Like 2
  6. Ike Onick

    “Revenge of The Elf”

    Like 2
  7. Camaro Joe

    RMac and Howie,

    You would be the only ones on your block with one, not like 60’s Mustangs and Camaros or late model stuff . . . . . . And if it ever did snow, you would be really prepared.

    I plow the neighbors just because I can. A lot of really good deserts show up, and once in a while a gift card.

    Like 7
    • David Michael Carroll

      I think you mean desserts! Living in Arizona, i know a good desert when I see one

      Like 3
  8. HoA Howard A Member

    I agree, this is not a Tucker. Thiokol, Thiokol, as in Morton Thiokol? “Clear for throttle up, roger throttling up”, KABOOM,,,still creeps me out to this day.
    The term “Snocat” is like Kleenex or Jello, all groomers are considered Snocats. read, it was Tucker that used the hyphen, Sno-Cat. To be clear, this is just the power unit and actually pulls the separate groomer drag. They had several motors, and this probably has the Ford 200 in line 6, running through a set of transmissions. The 2 reverses are just a lower ratio. Forums say it’s incredibly difficult to shift on the fly. I read Thiokol of Utah sold its business to none other than John Z. DeLorean in 1978 and renamed it Logan Machine Co, or LMC. Great machines, trails get pretty rough, and a groomer is a welcome site for a sore axx. I’ve seen groomers stuck and it isn’t pretty. Sometimes a helicopter is needed. Something like this is more for a ski hill. Groomers have come a long ways since these early ones, costing upwards of 250K, a lot of money for a sport that has basically gone kaput from its heyday when this was new. I love snomobiling, and miss it dearly. Great find.

    Like 11
    • Hans H

      I think it was named DMC for a while until Delorean had his issues, then became LMC and then Bearcat. Later bought by the competition. Interesting fact, Thiokol build some.of the first airbag inflators.

      Like 3
  9. J.D.

    John and Howard are correct, this is a Thiokol Imp. Tucker was one of the competitors in the market so this is like calling your Chevy a Dodge.
    Under Thiokol these Imps were powered by a Ford Industrial V-4 (104 cid) with twin transmissions. After John Z. bought the business they were renamed the 1400 and were powered by a Ford inline 6 with a C-4 auto trans.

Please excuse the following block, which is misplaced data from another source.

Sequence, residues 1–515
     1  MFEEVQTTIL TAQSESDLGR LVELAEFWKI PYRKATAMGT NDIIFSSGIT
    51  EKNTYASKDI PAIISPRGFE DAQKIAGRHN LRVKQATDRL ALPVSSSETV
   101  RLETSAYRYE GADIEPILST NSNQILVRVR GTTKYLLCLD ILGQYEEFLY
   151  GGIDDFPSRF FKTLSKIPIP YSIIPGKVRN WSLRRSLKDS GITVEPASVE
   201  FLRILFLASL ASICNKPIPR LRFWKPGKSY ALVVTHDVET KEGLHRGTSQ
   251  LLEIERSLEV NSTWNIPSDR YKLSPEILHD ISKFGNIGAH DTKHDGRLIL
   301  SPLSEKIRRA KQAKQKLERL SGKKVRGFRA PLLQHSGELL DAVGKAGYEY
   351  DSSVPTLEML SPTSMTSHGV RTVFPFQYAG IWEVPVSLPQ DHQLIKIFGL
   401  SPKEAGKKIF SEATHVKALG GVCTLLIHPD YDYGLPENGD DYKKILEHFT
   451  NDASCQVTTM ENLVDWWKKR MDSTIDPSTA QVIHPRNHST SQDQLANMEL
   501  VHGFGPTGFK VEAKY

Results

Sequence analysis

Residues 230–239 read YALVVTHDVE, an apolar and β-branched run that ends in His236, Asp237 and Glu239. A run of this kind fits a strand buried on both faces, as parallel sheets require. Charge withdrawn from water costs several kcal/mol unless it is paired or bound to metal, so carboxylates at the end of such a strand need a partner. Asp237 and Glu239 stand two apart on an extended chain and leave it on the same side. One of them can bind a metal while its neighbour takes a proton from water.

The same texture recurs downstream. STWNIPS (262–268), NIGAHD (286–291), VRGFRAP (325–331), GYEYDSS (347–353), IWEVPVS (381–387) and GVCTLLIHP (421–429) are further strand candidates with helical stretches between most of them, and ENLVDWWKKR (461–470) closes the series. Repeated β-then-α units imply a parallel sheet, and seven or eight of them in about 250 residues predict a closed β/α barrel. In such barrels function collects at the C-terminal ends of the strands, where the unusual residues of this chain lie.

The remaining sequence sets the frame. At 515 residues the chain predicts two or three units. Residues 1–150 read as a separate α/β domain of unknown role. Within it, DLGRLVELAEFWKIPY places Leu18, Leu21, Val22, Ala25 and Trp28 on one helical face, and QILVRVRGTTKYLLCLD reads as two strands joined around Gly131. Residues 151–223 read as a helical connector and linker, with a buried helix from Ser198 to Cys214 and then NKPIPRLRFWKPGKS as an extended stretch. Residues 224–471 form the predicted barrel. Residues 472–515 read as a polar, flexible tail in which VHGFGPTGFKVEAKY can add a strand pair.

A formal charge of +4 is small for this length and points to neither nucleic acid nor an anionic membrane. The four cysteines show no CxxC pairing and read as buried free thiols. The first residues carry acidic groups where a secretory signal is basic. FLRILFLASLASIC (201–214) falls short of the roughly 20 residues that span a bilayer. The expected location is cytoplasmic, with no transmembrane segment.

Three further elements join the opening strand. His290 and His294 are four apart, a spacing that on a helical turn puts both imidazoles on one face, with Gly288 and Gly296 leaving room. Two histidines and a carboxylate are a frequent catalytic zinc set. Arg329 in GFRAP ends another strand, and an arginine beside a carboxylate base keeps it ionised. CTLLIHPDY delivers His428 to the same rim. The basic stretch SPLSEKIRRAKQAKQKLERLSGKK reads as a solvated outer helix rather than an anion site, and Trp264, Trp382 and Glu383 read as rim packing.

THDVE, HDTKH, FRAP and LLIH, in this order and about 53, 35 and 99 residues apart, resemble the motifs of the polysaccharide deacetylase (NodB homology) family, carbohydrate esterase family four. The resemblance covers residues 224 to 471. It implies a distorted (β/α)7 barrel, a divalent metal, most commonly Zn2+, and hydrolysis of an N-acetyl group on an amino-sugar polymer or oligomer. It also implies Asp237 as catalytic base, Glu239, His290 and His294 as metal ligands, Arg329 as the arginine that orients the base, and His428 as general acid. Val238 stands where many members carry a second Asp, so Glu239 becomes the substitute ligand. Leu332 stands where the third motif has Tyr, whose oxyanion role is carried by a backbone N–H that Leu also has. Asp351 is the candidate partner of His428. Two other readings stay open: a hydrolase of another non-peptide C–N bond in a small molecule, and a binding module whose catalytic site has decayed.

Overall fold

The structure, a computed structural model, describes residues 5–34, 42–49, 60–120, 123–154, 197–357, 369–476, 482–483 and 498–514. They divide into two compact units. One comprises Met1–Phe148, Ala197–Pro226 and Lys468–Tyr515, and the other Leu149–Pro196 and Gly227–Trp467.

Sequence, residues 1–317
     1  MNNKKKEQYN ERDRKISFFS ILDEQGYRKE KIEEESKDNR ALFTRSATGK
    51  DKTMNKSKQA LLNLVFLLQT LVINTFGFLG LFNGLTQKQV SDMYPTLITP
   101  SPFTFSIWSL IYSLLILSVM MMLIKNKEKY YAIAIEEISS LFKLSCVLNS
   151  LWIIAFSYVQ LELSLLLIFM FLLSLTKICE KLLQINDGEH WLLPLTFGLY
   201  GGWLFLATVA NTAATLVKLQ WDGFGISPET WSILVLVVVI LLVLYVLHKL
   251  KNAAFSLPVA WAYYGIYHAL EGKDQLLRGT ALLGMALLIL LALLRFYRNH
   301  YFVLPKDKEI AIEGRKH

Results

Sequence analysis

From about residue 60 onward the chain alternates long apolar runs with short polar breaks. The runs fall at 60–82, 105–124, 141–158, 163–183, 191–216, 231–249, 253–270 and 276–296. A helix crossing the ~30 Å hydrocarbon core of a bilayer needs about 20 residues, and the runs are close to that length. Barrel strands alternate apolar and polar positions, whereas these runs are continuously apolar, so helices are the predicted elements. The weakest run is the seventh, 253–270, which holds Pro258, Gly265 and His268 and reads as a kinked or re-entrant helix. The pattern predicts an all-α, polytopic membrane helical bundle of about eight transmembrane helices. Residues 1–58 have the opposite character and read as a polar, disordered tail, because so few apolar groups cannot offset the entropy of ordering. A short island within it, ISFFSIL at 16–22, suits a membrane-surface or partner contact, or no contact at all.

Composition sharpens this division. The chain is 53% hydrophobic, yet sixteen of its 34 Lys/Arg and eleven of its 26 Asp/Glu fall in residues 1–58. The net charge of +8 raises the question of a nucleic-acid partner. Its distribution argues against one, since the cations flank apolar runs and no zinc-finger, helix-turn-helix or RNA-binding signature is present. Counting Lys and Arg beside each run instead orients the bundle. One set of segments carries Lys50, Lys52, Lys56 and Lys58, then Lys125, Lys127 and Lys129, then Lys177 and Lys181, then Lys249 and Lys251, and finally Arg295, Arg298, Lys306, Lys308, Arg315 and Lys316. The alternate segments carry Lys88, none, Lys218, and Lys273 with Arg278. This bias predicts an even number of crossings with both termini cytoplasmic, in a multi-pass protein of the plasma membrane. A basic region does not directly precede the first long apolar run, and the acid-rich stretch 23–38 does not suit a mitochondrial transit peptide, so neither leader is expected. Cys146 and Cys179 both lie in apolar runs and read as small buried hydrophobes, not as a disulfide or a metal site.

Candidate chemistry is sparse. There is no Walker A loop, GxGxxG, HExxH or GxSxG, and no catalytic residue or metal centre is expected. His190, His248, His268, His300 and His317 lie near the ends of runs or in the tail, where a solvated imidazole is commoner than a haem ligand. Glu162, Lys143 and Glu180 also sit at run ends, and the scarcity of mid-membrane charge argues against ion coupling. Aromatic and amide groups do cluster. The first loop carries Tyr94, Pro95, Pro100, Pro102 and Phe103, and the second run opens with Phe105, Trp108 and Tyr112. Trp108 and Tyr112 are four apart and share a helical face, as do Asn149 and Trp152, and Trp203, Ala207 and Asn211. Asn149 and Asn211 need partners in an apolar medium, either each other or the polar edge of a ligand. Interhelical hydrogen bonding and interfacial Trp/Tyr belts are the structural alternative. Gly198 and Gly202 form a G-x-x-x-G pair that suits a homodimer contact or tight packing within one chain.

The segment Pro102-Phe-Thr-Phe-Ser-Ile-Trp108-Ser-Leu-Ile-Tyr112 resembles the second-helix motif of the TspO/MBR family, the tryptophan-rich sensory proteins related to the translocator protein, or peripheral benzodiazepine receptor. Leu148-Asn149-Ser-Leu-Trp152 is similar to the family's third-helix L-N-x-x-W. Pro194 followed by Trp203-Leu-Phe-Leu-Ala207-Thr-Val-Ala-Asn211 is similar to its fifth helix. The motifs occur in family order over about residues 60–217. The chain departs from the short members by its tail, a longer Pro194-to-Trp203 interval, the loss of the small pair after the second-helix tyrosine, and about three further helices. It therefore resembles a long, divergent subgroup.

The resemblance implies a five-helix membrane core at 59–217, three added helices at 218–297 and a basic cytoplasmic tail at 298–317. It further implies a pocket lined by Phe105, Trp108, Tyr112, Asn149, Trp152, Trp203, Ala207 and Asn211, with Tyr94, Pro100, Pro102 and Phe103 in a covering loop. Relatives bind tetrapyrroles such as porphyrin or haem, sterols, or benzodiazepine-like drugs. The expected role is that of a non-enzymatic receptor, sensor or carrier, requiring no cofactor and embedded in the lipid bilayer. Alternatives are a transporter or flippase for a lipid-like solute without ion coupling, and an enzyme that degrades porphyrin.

I worked for Thiokol and DeLorean building these first as a welder and moved to building the engines/transmissions until they sold to Bear-Cat and went out of business. Good luck trying to get some parts for these now.

    Like 0
  10. Howie

    Sold $15,754, 58 bids.

    Like 4
  11. MTBorst

    SOLD ! 15k if the tracks were in great shape, probably worth it. You guys that know your stuff Thiokol is correct ! And it is an Imp, not a snowcat or tucker. Most of the small units like this had the V-4 Ford. I had a 77-78 Spryte In line 6 Ford 300. They can get stuck with the blade on but then you should be using the blade to make your path. Without the blade they will go most anywhere ! No one would go beyond the mountain switchback where I lived except me ! On snowmobile, until I flattened the drifts with my Spryte. Deep and steep !

    Like 4
    • HBU

      Did these vehicles have heaters to keep the operators/riders warm?

      Like 0
      • lilmo

        We used ropes to hold the doors open when I drove LMCs pre-Bearcat. Could have worn shorts the cab was so hot.

        Like 0
      • MTBorst

        Yes, they do. My 4 door full crew cab would get pretty warm inside but the line was mostly gone and nothing on the floor. With new insulation and piece of foam on the floor. It would be crazy hot inside.

        Like 0
  12. JoeNYWF64

    I immediately thought of the Lost in Space Chariot.

    Like 3
    • MTBorst

      That would be a much nicer, quieter ride.

      Like 0
  13. jim

    The Tucker snow cat had some mopar parts and engine

    Like 0
    • MTBorst

      The Tucker is a totally different machine. We had on at the resort I worked at. The new ones have a different style cab but the old ones were built from dodge trucks. Ours had a dodge truck cab and a 440 c.i. . They run 4 tracks, one on each wheel. Generally, 30 inches wide.

      Like 0
  14. Mark

    Reminds me of the one in the movie the shining!

    Like 1
  15. Richard McSherry

    Ford V-4….does this mean that a 70’s SAAB 96 engine (adapted from a Ford Taunus) would pop right in?

    Like 0